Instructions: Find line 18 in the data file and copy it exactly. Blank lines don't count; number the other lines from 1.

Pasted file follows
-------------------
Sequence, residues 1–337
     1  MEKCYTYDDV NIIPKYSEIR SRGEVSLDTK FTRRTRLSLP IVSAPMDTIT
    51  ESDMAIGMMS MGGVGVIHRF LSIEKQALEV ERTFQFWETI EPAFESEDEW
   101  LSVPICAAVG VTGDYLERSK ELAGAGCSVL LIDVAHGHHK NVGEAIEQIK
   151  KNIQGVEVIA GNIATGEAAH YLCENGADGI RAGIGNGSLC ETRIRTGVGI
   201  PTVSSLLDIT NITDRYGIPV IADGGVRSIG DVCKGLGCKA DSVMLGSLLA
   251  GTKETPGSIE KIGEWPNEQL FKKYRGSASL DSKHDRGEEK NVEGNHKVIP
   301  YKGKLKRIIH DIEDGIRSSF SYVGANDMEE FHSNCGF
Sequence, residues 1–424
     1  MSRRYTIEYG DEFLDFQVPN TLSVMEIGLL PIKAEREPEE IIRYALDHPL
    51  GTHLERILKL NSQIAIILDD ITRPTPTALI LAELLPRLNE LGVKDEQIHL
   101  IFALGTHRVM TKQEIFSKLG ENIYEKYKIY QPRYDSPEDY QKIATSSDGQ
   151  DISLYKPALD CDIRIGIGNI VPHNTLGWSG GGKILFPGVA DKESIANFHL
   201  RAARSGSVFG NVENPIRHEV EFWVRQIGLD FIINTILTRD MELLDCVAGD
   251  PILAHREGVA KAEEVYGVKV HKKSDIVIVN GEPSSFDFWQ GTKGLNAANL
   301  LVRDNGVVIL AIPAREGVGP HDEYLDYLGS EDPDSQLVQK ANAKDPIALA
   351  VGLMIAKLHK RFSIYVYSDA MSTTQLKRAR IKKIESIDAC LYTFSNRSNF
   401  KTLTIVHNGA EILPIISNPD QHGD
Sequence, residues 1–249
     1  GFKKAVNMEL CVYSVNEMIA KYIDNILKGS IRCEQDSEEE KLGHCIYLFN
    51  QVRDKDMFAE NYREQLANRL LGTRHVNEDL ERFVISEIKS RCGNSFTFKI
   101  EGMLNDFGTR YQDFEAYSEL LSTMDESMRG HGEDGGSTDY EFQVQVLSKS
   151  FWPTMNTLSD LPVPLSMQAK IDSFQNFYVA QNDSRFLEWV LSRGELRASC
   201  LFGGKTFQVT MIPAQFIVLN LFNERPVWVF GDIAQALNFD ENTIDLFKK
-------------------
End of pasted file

   401  KTLTIVHNGA EILPIISNPD QHGD